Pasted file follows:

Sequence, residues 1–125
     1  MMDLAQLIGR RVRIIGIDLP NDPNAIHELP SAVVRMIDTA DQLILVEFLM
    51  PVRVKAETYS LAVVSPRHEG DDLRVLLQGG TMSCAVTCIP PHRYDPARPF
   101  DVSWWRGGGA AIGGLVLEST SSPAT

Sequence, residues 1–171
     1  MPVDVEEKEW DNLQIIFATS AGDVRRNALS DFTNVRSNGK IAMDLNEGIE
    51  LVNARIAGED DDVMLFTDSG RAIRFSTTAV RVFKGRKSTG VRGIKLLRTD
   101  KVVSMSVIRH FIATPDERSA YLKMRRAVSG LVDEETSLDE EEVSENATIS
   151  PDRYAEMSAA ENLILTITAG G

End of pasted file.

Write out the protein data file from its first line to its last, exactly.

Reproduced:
Sequence, residues 1–125
     1  MMDLAQLIGR RVRIIGIDLP NDPNAIHELP SAVVRMIDTA DQLILVEFLM
    51  PVRVKAETYS LAVVSPRHEG DDLRVLLQGG TMSCAVTCIP PHRYDPARPF
   101  DVSWWRGGGA AIGGLVLEST SSPAT

Sequence, residues 1–171
     1  MPVDVEEKEW DNLQIIFATS AGDVRRNALS DFTNVRSNGK IAMDLNEGIE
    51  LVNARIAGED DDVMLFTDSG RAIRFSTTAV RVFKGRKSTG VRGIKLLRTD
   101  KVVSMSVIRH FIATPDERSA YLKMRRAVSG LVDEETSLDE EEVSENATIS
   151  PDRYAEMSAA ENLILTITAG G